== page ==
By Chip Chandler
Panhandle history was made 30 years ago when the then-West Texas State University formally merged with the Texas A&M University System.
To commemorate the merger, WT will celebrate its history throughout September, including launching wtamu.edu/30Years, a repository of historical photos, remembrances and congratulations from significant figures during the merger and today’s statewide leaders.
“The growth in enrollment, construction of new campus facilities and the outstanding academic offerings have positioned WT to achieve a bold vision for the future,” University President Dr. Walter Wendler said.
“In our long-range plan, WT 125: From the Panhandle to the World, we have made a commitment to continue to serving our region, the families, community members and prospective students in a unique way,” Wendler said. “Hard work and dedication will help us reach our goal of becoming a first-of-its-kind regional research university.”
WT was founded in 1910 as West Texas State Normal College in Canyon, which was chosen after a fierce battle across the region to be the home of the state’s newest institution of higher education. Thirteen years later, the Texas Legislature officially changed the school’s name to West Texas State Teachers College, when changed in 1949 to West Texas State College in recognition of the school’s broadening reach in education.
The name changed again in 1963, switching “College” to “University.” Then, 25 years later, momentum began building to ally WT with a larger university system with a broad, statewide reach.
“We were in a position at that time where the small, independent college was really becoming a dinosaur in Texas,” said State Rep. John Smithee (R-Amarillo), a 1973 WT alum. “They didn’t have the resources to compete for appropriations in the Legislature because these other systems had full-time lobbyists. As a legislator, I was seeing how hard it was for independent schools to compete.”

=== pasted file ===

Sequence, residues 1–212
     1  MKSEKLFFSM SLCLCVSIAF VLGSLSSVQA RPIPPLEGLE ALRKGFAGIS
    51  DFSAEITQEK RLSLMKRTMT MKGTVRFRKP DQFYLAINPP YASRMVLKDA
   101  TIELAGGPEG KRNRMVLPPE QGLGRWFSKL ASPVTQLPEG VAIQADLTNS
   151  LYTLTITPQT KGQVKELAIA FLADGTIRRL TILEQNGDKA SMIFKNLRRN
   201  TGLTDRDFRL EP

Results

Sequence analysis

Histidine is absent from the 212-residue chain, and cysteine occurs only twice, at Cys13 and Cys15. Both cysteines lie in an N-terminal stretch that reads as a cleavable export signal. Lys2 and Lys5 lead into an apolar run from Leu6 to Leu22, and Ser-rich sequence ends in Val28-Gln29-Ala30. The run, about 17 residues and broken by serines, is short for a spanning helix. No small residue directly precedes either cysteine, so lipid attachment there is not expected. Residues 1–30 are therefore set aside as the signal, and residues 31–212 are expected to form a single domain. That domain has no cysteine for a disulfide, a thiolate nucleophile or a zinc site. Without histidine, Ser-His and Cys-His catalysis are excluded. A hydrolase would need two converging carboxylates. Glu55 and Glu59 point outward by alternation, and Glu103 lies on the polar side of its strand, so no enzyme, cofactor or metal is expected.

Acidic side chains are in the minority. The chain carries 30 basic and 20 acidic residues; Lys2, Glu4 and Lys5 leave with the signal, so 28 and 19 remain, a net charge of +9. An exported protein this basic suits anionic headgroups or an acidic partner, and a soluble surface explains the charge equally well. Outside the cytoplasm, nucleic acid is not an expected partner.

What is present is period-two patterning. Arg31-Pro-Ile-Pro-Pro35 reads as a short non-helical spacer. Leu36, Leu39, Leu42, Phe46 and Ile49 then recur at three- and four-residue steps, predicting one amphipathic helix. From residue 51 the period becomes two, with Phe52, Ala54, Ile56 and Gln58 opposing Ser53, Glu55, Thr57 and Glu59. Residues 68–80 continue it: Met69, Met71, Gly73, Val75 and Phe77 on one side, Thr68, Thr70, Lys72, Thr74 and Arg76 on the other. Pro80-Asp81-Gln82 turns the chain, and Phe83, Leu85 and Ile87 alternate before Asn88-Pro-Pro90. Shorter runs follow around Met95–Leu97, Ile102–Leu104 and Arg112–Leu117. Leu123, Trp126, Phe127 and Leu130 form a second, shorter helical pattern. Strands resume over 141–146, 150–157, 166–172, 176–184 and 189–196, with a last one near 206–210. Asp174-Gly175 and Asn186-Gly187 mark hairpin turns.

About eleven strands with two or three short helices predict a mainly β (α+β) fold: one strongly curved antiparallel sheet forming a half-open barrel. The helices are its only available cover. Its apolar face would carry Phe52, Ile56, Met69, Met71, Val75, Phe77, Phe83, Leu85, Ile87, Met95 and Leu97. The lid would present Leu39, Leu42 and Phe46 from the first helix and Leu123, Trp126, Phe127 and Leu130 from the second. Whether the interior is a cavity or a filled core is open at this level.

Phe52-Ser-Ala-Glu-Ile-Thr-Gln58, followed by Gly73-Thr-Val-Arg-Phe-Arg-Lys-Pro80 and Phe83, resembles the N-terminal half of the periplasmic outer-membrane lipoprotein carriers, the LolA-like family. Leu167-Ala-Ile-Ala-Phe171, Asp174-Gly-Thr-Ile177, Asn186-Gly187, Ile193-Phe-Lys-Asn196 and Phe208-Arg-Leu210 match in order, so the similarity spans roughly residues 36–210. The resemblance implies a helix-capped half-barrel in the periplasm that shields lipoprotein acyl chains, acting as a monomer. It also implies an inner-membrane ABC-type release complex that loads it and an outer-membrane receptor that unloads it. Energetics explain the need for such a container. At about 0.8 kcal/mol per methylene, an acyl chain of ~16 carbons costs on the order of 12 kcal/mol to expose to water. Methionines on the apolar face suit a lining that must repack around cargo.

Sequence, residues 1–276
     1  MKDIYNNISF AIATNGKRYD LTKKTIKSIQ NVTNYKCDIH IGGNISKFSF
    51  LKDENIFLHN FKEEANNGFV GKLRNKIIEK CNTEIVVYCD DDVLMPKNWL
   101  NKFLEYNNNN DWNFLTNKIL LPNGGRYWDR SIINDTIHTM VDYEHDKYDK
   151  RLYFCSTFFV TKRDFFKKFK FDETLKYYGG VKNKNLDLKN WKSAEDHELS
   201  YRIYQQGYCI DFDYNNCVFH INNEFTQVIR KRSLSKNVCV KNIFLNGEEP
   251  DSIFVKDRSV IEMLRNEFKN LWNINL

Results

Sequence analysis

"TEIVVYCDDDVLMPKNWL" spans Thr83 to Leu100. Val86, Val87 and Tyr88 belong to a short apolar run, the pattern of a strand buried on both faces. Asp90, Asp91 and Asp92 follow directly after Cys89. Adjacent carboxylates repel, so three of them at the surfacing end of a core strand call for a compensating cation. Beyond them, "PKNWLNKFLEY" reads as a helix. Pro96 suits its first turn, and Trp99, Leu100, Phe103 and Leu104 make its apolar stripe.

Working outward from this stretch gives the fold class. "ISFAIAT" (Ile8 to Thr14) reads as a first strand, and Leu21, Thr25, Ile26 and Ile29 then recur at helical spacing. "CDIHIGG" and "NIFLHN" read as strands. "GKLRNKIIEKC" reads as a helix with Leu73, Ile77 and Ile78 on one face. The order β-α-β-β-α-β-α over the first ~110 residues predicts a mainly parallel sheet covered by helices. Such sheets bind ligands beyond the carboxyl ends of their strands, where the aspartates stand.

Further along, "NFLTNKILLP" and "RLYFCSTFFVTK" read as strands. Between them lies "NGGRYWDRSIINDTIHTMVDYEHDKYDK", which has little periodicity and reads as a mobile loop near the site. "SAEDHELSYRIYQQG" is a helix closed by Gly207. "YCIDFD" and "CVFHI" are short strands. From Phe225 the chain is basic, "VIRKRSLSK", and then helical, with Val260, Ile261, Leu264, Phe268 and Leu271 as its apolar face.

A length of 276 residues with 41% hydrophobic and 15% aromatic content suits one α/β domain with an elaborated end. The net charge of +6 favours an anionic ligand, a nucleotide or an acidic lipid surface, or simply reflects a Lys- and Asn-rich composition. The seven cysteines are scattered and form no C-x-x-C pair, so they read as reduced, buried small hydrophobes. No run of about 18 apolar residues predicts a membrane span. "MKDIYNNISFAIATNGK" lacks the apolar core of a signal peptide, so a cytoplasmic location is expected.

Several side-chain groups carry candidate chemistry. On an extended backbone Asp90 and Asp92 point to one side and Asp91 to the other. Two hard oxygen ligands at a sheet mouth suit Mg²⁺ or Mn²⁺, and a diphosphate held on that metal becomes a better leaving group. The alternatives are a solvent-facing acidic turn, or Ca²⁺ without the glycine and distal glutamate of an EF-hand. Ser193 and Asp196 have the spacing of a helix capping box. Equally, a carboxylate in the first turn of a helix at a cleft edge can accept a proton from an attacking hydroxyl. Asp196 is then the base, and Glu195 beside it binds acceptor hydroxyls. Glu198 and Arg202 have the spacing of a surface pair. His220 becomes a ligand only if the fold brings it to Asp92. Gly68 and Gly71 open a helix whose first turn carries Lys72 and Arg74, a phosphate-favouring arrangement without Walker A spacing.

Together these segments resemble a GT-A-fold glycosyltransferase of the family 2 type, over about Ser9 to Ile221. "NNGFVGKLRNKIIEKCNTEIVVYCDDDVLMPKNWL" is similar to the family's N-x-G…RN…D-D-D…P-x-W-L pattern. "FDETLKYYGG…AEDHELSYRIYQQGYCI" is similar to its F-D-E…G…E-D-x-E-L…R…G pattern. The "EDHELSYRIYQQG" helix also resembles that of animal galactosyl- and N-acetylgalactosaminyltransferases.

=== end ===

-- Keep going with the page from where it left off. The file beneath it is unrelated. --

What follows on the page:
The University of Texas System was floated as a possibility, as was Texas Tech University, at least briefly, though it had not yet formally become a university system.
“But as this went on, it became apparent that WT and A&M just had a lot in common,” Smithee said. “And with their resources and programs and access, for the long-term future of WT, it would be so much better to be a part of a system like that.”
Since the merger, WT has grown significantly. Enrollment has exceeded 10,000 students. The campus has expanded significantly, with — in a few significant examples — the addition of the on-campus Buffalo Stadium, the 5,000-seat First United Bank Center, the Sybil B. Harrington Fine Arts Complex, the Stanley Schaeffer Agriculture Education Learning Lab, and the Paul Engler College of Agriculture and Natural Sciences Agricultural Complex, which includes Happy State Bank Academic and Research Building and the new Charles W. Graham Texas Veterinary Medical Diagnostic Lab and the Veterinary Education, Research and Outreach complexes. The Harrington Academic Hall WTAMU Amarillo Center also has opened in downtown Amarillo.
The University also has established, in the past three decades, the College of Nursing and Health Sciences, the School of Music, the College of Engineering, and the Center for Learning Disabilities, as well as new programs in agricultural media and in civil and environmental engineering, master’s degree programs in education and social work, and doctoral degree programs in agriculture and educational leadership. Most recently, the 2 + 2 program was announced that allows A&M Veterinary students to begin their first two years of medical training at WT for increased exposure to large animal needs in rural communities.
The System benefitted too, Chancellor John Sharp said.
“The Texas A&M University System gained the Panhandle’s premiere institution of higher education when you joined in 1990,” Sharp said. “Through our partnership, WTAMU has continued to grow and prosper, serving the hard-working men and women who call the Texas Panhandle their home. Thanks to our partnership, the future of WT and the Panhandle has never looked brighter.”